Observations: The studies of Shiojima et al. and Nagoshi et al. provide some mechanistic insights into the cardiac dysfunction that follows long-term Akt activation. Shiojima et al. found that coordinated angiogenesis and cellular growth was required to maintain the benefits observed following acute Akt1 activation. This is evidenced by the fact that inhibiting angiogenesis in the acute phase of Akt1 activation led to dysfunction and that angiogenesis diminished as hearts underwent pathological remodeling following long-term Akt1 activation. Nagoshi et al. found that the adverse effects of chronic Akt1 activation on cardiac function are likely caused by an inhibition of upstream feedback signaling pathways. This is demonstrated by the fact that when the signaling pathway is restored they were able to rescue function and prevent dysfunction. The work of Ackah et al. explored which Akt isoform is responsible for mediating adaptive postnatal angiogenesis. Their work suggests that the Akt1 isoform, but not Akt2 or Akt3, regulates adaptive angiogenesis and arteriogenesis.
Significance: Collectively, these findings are of considerable medical and pharmaceutical interest due to the connection of Akt with diabetes, cell survival, and cancer. These papers demonstrate definitive in vivo functions of this kinase and provide important new insights into the central role of Akt1 in the regulation of angiogenesis and the maladaptive consequences of chronic unregulated Akt activation in the heart.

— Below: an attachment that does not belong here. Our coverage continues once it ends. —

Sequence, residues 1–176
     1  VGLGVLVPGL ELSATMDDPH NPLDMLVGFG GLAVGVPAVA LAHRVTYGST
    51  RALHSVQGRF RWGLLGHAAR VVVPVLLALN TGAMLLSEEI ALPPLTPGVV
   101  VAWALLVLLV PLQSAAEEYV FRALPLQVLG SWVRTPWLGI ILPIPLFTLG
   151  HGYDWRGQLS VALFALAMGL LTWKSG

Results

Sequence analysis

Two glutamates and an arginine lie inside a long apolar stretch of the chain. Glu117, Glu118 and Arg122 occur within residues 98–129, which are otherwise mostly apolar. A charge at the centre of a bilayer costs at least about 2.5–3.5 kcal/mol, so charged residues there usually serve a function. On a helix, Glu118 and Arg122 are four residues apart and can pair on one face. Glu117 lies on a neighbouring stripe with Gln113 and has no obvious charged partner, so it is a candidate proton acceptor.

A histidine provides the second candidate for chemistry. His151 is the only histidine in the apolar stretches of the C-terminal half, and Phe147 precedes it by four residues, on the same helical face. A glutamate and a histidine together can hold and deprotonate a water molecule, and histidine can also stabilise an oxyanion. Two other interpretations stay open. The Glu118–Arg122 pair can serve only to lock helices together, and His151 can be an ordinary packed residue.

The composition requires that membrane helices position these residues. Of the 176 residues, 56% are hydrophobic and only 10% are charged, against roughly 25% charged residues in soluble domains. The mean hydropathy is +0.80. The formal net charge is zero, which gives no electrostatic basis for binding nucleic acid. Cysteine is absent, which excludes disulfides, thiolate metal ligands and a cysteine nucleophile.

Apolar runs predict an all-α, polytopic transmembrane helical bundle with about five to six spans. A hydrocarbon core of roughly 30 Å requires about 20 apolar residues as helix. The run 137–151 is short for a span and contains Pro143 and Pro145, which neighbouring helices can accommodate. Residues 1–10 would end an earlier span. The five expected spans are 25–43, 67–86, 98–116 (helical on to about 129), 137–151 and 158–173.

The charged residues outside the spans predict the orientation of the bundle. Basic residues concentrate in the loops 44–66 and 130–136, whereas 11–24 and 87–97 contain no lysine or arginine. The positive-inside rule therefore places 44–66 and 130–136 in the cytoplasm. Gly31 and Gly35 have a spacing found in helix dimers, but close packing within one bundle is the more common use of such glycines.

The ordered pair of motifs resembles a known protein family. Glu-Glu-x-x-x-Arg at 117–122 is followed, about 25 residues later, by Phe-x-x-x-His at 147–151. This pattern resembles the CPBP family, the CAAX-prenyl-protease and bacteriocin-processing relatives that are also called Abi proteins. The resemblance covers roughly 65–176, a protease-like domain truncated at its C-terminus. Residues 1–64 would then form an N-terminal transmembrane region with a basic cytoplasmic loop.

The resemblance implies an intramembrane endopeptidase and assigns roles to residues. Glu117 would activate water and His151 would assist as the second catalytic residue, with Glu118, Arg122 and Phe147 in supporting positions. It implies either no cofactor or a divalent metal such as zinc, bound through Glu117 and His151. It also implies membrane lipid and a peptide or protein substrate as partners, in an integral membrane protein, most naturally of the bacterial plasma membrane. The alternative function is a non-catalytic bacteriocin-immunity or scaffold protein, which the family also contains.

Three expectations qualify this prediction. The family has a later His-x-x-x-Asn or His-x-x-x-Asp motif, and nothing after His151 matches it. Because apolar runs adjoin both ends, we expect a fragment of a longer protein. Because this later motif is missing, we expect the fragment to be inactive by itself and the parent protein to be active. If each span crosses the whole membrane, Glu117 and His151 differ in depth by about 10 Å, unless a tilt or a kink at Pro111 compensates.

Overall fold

Nominated by Kevin Strange
Question: Can a mathematical model accurately predict osmoregulatory responses in yeast?
Background: Osmoregulation is a homeostatic mechanism by which organisms actively maintain their internal solute concentration. The yeast Saccharomyces cerevisiae has been used extensively to study the phenomenon of osmoregulation by monitoring its responses to osmotic shock. Yeasts possess a membrane sensor (Sln 1) that when triggered transiently activates the high-osmolarity glycerol (HOG) signaling system, which in turn affects gene expression and ultimately stimulates glycerol production to increase intracellular osmotic pressure.
Observations: Klipp et al. describe a mathematical model that integrates the response of yeast cells to hyperosmotic shock including the membrane osmosensor, the HOG signaling system, gene expression, glycerol accumulation, and the feedback effect of internal glycerol levels on osmotic pressure and cellular volume. Using a combination of experimental studies and simulations, they found that the model was predictive since it identified previously unknown aspects of the feedback system that were empirically confirmed.